When AMD announced its Radeon RX 6800 series and 6900 XT GPUs, otherwise known as Big Navi last month, the architectural details were quite sparse. There were two features that were the primary focus: The huge 128MB of L3 cache, dubbed as the Infinity Cache by AMD, and the relatively high core clocks, resulting in a much higher performance per watt ratio compared to RDNA 1.
However, it takes more than a good memory subsystem and shader clocks to design a competitive high-end GPU. That’s what we’ll explore in this post. We’ll be comparing the architectural differences between RDNA 1 and RDNA 2, including the throughput, render backend and frontend, compute and graphics pipelines, and the revamped memory system. We’ll also have a look at the new Compute Units which despite looking the same on the surface have undergone some significant changes.
The RDNA 2 Compute Units: Up to 30% More Performance at the Same TDP
The Compute Units are largely unchanged, with the exception of the one Ray-Accelerator which has been to each Compute Unit within the RDNA 2 parts. The 32-wide SIMD format that was introduced with Navi 10 is unchanged, the Scalar Units are still fixed at 2 per CU, and the L0 cache and Texture Units too are the same as RDNA 1.
Below you can see the raw throughput of the RDNA 1, 1.1, and 2.0 CUs. Now, you’ll likely ask what’s RDNA 1.1? Well, AMD didn’t say but I reckon it’s what powers the PS5 and most likely the Xbox Series X. Regardless, there’s no difference between the two designs, and it’s the Render backend which has really undergone a makeover with RDNA 2.
The native FP32/64 and INT32/64 performance is unchanged with RDNA 1.1 and RDNA2. It’s the mixed-precision performance that has doubled from 128 ops per cycle to 256. Furthermore, RDNA 1 doesn’t support low-precision modes such as INT8/INT32 and INT4/INT32. Both RDNA 1.1 and 2.0 can process 512 ops per cycle for the former and up to 1,024 for the latter.
The Render backend: RB+
Once again, AMD hasn’t provided many details on what has changed with the RDNA 2 RBs (RB+). What we do know is that the throughput has been doubled and fine-tuned for VRS and other optimizations that come with DX12 Ultimate.
Each RB+ can process 8 32-bit pixels, a 2x increase compared to RDNA 1 and 1.1. This is primarily the result of the doubled 32bpp color rate. The new multi-precision RBs are also supplied to the shader engine at twice the rate, primarily improving the performance with mixed-precision workloads such as VRS.
AMD Infinity Cache: Just Cache It!
The key change and the main driving factor behind the Big Navi GPUs is the huge L3 cache that AMD is calling Infinity Cache. It’s this breakthrough that has allowed AMD to reach that 1.5x perf-per-watt goal, boost clocks in excess of 2.5GHz as well as catching up with NVIDIA despite featuring the standard GDDR6 memory and a paltry 256-bit bus.
Although the low-level cache size is the same, the L0-L1 transfer speeds have been halved from 64B/clock to 32B/clock. The L1 to L2 bandwidth is the same @ 2048B/clock for the entire stack while the L2 to IC bandwidth is a rather impressive 1,024B/clock.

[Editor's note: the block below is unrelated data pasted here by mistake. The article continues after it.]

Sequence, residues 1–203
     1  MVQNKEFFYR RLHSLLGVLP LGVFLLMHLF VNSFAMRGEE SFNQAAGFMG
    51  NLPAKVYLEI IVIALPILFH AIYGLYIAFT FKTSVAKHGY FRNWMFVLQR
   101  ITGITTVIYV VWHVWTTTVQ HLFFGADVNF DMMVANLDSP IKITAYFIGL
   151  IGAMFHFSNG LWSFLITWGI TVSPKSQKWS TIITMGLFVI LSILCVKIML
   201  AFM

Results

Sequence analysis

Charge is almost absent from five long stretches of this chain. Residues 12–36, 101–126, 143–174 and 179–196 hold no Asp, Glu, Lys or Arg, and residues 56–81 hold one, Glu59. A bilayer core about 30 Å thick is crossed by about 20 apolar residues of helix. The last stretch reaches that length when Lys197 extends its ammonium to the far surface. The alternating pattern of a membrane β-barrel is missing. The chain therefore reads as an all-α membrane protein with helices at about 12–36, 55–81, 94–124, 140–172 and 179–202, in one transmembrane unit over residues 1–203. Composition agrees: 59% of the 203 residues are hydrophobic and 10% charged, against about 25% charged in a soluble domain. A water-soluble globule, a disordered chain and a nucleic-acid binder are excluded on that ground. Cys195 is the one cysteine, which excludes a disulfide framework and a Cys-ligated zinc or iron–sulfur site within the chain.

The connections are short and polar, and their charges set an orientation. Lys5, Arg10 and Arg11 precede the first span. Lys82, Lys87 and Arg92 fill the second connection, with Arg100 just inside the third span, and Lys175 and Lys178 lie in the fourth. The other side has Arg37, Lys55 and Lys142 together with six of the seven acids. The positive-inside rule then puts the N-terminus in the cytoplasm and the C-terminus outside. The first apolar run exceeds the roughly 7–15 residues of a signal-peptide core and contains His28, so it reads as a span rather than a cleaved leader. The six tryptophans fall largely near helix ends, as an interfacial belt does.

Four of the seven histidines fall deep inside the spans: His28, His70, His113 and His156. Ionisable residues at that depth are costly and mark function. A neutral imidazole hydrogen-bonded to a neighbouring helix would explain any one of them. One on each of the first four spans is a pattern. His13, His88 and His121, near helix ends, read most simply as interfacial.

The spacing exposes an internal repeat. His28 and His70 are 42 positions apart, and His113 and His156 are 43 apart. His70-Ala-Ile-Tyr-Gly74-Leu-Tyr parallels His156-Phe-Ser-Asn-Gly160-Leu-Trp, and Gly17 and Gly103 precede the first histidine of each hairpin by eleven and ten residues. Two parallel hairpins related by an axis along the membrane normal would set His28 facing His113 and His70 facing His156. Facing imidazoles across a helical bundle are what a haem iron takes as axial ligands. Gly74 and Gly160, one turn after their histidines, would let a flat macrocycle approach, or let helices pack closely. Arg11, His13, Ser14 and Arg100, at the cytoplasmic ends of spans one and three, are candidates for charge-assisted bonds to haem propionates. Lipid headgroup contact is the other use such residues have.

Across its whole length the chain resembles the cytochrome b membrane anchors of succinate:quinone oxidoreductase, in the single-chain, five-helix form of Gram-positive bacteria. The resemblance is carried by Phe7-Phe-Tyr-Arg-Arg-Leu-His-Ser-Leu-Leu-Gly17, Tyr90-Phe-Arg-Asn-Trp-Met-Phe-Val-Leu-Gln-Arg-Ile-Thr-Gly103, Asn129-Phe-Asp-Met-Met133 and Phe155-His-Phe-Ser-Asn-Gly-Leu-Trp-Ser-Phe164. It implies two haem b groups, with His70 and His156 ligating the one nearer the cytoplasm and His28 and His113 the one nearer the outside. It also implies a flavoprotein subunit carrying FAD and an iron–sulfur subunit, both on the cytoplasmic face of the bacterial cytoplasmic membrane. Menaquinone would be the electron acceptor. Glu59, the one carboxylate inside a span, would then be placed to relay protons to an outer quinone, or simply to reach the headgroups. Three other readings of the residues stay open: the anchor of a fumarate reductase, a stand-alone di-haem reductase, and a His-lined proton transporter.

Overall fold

The use of the Infinity Cache not only reduces the memory latency by 34%, but it also improves cache hit-rates by as much as 58% at 4K. Essentially, the internal cache bandwidth behaves akin to a 1,024-bit bus paired with GDDR6 memory. However, the final memory bandwidth will still be capped at 512GB/s.
The Infinity Cache also improves the ray-tracing performance by storing the bandwidth-intensive BVH structures that tend to choke the limited cache bandwidth of most GPUs.
Ray-Tracing on RDNA 2
Another burning question we all had was with respect to AMD’s ray-tracing implementation. While NVIDIA uses a full-fledged hardware solution for ray-tracing, AMD has a hybrid approach based on a combination of dedicated hardware (called Ray Accelerators) and traditional shaders to implement ray-tracing.
While the RAs handle ray-box and ray-triangle intersections, the BVH traversal is handled by the SIMDs (shaders) with aid from the high-bandwidth of the Infinity Cache. Furthermore, as the RAs share resources with the Texture Units and only one of them can run per cycle. While I haven’t been able to confirm it, I believe that the RAs and SIMDs can’t run synchronously as with NVIDIA’s RTX GPUs. While software and game-engine optimization can help alleviate the performance hit of this drawback, natively the shader pipelines receive a penalty upon running ray-tracing code.
Mesh Shading and other DX12 Ultimate Features
A difference I noticed between AMD and NVIDIA’s implementation of mesh shading is that while the former uses the native DX12 Ult solution, NVIDIA has a more flexible approach which basically allows for lower draw-calls and allocation for more workload per draw-call. AMD’s solution primarily optimizes the workloads by early culling of primitives and data reuse.
NVIDIA also has an option that allows for early culling o primitives, but it’s separate from the core Mesh Shader and is called the Amplification Shader. Of course, the final decision will fall on the developers and how they decide to leverage the feature.
Variable Rate Shading and Sampler Feedback are primarily an API-level feature, rather than a hardware one and as such works in a similar way across all GPU architectures.
Overall, most of the performance advances with RDNA 2 come from the fine-tuned cache hierarchy, lower latency, better hit rates, and the high-frequency boost clocks. The primary change on the architecture side is with respect to the RBs which have had their throughput effectively doubled. The basic structure of the CUs, schedulers and Commmand processors are more or less identical.